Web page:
Public messagingThe government must review its Covid-19 communications strategy.
It was a moment of relief as people aged 65 and above were escorted by their family members to vaccination centres on Monday for their second dose of the Covishield/AstraZeneca Covid-19 vaccine. The vulnerable age group has waited five months with fear and uncertainties about whether the government can procure or receive the vaccines under a grant. The lifesaving doses have finally reached their arms, but only after Bhutan delivered 230,000 doses of the AstraZeneca vaccine under a reciprocity condition and an additional 1.6 million AstraZeneca doses donated by Japan through the vaccine sharing scheme COVAX.
For over 1.4 million senior citizens who had received their first jab in March, their second shots couldn’t have arrived at a better time. More than half of the confirmed 10,093 Covid-19 related deaths as of Sunday have been dominated by the age group 60 and above, followed by the age group 40-59. The availability of vaccines is thus an essential breakthrough amid the recent surge in new infections and deaths following the Health Ministry's warning of more contagious Delta variants driving the third wave of the pandemic. But does the government plan to study the effectiveness of the second dose that has come after such a long gap? Will the antibodies generated by the booster shot offer enough and longer protection to the vulnerable population and prevent breakthrough infections? What about the rest of the people who have received the VeroCell or Janssen vaccine?
The government needs to be answerable. It must keep abreast of the evolving knowledge on vaccine efficacy and coronavirus mutations causing breakthrough infections, and make sense of nations hurrying to offer vaccine cocktails or a third booster shot to the public despite appeals from the World Health Organisation. The leadership needs to embrace its primary and most important responsibility of managing the pandemic, which has already killed thousands of people and flipped the economy. The country urgently needs a full retrospect of the Covid-19 situation, and a practical strategy to steer our way out of the pandemic. A half-hearted attempt like a mask-up campaign, 16 months into the pandemic and over 10,000 deaths later, won’t cut it.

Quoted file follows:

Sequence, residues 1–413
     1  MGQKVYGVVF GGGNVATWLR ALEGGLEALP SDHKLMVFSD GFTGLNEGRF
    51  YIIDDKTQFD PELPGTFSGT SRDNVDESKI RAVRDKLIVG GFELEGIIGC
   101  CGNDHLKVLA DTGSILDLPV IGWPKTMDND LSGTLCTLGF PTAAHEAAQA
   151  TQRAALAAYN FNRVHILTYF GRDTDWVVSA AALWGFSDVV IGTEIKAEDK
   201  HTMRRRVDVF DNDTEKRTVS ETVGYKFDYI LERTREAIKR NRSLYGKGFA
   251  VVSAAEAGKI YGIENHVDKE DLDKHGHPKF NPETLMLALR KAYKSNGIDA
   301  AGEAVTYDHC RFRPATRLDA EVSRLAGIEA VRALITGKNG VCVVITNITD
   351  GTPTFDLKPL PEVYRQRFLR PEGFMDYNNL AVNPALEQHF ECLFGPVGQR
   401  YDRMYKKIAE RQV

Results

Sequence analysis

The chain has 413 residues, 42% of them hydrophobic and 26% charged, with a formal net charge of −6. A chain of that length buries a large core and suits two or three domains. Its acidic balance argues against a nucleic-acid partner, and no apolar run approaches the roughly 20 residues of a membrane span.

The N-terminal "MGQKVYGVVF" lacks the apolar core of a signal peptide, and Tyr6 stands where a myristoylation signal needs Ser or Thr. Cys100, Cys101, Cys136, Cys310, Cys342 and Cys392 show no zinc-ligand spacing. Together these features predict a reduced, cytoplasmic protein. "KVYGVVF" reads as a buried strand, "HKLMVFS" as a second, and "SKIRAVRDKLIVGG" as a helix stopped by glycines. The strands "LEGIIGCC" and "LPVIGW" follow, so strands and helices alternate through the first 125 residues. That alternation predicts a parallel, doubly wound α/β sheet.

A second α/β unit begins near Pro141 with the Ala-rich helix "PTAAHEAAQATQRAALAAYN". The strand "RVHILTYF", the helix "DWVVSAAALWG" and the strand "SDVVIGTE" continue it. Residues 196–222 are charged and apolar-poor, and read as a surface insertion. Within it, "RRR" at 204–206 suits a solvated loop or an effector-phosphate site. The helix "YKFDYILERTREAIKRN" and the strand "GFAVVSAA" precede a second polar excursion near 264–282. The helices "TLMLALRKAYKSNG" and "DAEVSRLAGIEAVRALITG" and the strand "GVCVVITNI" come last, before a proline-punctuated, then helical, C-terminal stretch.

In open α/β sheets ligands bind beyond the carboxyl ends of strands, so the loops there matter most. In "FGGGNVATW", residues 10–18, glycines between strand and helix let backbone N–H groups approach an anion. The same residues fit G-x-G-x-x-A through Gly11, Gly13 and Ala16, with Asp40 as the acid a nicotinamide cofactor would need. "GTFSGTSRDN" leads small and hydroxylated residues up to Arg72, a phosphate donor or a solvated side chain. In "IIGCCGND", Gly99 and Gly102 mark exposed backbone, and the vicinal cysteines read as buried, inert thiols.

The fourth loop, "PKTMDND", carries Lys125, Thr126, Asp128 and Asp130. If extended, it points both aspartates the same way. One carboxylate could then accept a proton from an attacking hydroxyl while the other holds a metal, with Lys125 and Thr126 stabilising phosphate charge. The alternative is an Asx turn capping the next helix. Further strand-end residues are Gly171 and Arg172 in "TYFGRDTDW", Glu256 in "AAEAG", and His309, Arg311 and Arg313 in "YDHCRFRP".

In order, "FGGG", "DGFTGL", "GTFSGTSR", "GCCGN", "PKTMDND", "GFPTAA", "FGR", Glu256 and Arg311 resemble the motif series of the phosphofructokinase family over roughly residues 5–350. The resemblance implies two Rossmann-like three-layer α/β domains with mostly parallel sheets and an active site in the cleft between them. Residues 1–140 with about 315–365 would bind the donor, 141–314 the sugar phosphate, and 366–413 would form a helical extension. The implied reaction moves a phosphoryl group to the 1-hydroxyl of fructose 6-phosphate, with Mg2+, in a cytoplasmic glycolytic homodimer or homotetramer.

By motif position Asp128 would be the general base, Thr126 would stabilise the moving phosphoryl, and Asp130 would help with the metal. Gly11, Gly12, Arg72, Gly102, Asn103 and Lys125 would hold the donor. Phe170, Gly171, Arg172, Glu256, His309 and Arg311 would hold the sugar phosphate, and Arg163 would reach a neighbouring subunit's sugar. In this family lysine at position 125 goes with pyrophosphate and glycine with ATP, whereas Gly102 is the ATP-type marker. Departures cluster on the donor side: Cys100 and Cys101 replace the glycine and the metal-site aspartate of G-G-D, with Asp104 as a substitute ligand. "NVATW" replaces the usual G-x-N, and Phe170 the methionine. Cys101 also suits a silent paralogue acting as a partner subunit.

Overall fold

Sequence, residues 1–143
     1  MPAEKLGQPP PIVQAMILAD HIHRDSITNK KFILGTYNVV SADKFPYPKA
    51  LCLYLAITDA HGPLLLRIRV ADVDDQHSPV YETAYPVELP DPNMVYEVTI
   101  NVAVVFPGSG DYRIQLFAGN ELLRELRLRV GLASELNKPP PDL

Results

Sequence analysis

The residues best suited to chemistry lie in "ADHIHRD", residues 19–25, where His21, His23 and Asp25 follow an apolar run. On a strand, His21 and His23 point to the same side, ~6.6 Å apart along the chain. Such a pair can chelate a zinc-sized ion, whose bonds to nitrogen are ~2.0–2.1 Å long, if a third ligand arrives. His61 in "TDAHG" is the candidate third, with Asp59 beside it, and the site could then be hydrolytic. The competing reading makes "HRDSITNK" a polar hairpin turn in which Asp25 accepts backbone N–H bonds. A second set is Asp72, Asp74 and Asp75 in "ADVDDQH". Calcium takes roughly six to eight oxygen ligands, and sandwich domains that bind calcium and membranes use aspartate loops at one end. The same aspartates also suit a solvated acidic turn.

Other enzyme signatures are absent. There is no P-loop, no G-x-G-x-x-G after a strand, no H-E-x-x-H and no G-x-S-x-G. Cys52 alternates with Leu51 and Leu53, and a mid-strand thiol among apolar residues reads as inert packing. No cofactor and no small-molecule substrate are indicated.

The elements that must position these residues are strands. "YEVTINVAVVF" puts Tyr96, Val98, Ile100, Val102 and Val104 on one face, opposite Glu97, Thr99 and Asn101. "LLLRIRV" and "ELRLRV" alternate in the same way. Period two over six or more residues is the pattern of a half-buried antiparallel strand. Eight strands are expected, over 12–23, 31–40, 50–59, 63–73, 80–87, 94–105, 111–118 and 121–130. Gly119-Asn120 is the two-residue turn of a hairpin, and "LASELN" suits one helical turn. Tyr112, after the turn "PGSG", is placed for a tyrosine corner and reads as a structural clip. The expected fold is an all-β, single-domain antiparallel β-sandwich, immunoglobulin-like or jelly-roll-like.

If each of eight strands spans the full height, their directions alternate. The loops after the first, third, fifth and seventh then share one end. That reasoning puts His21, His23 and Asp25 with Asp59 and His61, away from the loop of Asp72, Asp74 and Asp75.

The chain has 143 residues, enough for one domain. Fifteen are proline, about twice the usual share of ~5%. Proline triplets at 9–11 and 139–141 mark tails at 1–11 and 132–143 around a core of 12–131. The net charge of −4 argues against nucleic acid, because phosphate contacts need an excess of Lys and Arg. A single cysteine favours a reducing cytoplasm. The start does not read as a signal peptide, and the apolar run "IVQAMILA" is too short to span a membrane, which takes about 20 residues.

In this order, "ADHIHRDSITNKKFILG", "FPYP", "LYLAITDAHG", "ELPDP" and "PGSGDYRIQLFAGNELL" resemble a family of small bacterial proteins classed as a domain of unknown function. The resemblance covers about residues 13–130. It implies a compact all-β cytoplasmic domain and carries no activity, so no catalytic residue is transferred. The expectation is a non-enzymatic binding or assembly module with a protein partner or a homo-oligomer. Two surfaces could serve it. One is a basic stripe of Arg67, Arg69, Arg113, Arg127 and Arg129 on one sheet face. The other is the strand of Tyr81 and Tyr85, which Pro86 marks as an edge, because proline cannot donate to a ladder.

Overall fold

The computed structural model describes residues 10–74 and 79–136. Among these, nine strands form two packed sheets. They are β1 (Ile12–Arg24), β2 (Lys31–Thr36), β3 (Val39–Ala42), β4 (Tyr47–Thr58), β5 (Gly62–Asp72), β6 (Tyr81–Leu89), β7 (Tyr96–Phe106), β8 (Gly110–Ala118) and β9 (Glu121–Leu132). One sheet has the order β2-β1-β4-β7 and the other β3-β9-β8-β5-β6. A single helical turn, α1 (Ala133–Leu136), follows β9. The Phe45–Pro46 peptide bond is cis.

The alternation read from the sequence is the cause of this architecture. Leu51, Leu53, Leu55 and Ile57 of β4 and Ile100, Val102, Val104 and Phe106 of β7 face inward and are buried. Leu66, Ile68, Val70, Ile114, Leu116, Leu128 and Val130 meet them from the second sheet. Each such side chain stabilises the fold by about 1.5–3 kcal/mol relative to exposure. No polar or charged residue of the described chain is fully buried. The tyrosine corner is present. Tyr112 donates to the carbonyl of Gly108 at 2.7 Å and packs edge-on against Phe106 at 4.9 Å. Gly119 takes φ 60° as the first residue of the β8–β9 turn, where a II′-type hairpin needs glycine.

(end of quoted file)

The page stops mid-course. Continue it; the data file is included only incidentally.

Last week, the government unveiled a plan to procure 42 million Covid-19 vaccines by February next year, targeting to inoculate all eligible citizens above 12 by mid-April. While it’s a positive development, the Deuba administration needs to understand that vaccination alone will not be enough to contain the pandemic. The past few months have seen the world fighting to secure vaccines as scientists study vaccine effectiveness and emerging variants of the coronavirus that may resist vaccines and drive future waves, with one key concern that the vaccinated may spread the virus.
The number of confirmed cases in Nepal has doubled in the last 96 days, and the Health Ministry is currently reporting 2,501 new infections on average each day. Communicating developing insights and crucial information on the pandemic will be essential to reduce infection rates and respond to a prolonged downturn that can have long-lasting socio-economic and unfavourable public health implications if not addressed up front.
The government must take the public into confidence and amplify public messaging beyond a few media platforms where it issues warnings and generic posts calling for Covid-appropriate behaviour. It must review its communications strategy, which has failed to engage the citizens or instil behaviour change.